Born in York, Christopher Hill entered Balliol College, Oxford in 1931. In 1932 he was awarded Lothian Prize, and got a first-class honour and All Souls Fellowship two years later. Later in Balliol, Hill became a Marxist and jonined the Communist Party. He also spent one year in the Soviet Union in 1935.
After coming back from Moscow, he went back to Balliol as a fellow and tutor of modern history. In 1940 he was commissioned as a lieutenant in the Oxford and Bucks Light Infantry. Late he also joined the intelligence corps during World War II. About at this time, Hill started to publish his articles and reviews about 17th century England history. He also took part in a debate among many Marxist historians in 1940.
In 1946, Hill and many other Marxist historians formed the Communist Party Historians Group. However, Hill soon became dicontent with the lack of democracy in the Communist Party. He left the party in 1956, after one of his report was rejected.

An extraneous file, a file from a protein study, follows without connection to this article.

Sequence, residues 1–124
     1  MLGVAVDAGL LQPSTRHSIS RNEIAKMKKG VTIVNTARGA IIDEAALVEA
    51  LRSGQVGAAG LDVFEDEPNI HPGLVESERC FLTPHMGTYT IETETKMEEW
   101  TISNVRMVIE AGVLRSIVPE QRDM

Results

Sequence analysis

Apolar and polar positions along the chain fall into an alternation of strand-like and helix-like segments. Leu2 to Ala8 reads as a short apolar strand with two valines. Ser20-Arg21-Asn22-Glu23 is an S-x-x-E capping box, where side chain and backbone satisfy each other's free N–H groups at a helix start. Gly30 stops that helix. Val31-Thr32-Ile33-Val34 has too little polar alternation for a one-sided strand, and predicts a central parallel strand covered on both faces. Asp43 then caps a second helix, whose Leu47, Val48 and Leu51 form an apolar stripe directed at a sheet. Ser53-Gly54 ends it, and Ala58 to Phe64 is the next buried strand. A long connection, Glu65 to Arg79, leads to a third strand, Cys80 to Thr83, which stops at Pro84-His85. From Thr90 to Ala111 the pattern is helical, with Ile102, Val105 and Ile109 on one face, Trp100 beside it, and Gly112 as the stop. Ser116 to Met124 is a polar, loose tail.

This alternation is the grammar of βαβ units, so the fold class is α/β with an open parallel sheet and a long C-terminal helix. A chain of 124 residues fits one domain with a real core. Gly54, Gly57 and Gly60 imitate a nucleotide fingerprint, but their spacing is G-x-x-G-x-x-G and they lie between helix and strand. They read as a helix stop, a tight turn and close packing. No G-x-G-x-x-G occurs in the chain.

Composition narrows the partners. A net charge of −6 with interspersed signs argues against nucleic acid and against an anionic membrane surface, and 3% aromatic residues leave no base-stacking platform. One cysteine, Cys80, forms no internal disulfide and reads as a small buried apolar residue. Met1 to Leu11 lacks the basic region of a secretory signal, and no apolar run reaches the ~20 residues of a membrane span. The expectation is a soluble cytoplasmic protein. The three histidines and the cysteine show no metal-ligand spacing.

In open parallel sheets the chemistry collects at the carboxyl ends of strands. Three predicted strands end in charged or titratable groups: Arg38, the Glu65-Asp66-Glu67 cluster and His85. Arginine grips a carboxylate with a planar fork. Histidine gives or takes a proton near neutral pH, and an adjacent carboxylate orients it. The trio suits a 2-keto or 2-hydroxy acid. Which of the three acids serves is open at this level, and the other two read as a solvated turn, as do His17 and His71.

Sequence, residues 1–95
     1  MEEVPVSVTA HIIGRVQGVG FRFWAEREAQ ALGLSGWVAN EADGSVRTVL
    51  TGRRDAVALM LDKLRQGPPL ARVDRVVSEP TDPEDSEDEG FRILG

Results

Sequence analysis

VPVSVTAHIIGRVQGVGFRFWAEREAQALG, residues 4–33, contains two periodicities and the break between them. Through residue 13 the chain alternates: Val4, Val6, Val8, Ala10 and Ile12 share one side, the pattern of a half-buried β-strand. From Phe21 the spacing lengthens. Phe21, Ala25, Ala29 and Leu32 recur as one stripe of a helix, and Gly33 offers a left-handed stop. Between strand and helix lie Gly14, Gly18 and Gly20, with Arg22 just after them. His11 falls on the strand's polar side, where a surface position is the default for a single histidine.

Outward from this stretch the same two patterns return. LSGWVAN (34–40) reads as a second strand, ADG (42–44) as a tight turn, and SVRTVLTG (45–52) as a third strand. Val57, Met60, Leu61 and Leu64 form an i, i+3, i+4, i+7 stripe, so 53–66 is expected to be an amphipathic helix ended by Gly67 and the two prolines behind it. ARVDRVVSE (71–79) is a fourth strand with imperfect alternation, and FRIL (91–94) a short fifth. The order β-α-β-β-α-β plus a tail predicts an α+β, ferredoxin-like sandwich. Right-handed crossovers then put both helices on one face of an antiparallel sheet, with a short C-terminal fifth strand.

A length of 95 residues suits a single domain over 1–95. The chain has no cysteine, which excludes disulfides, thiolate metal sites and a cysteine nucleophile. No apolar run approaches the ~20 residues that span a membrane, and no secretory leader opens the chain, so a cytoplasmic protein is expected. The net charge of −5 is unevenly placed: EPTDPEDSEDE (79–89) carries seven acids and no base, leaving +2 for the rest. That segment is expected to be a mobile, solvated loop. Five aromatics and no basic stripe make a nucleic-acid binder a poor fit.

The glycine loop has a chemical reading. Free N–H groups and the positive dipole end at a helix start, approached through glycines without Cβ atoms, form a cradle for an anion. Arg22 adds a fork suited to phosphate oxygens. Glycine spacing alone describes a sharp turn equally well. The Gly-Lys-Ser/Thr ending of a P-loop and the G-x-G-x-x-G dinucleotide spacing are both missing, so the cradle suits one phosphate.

After 1957, Hill's career ascended to new heights. His studies on 17th century English history were widely acknowleged and recognised. In 1965, Hill defeated the rest and was elected the master of Balloil. He held the post from 1965 to 1978, when he retired.
Much of Hill's most notable studies were focused on the history of 17th century English history. Some of his books includes Economic Problems of the Church(1955), Puritanism And Revolution(1958), Intellectual Origins of the English Revolution(1965 and revised in 1996), The Century of Revolution(1961), AntiChrist In 17th-century England(1971) and many others.
Hill passed away on February 24, 2003, 18 days after his 92nd birthday.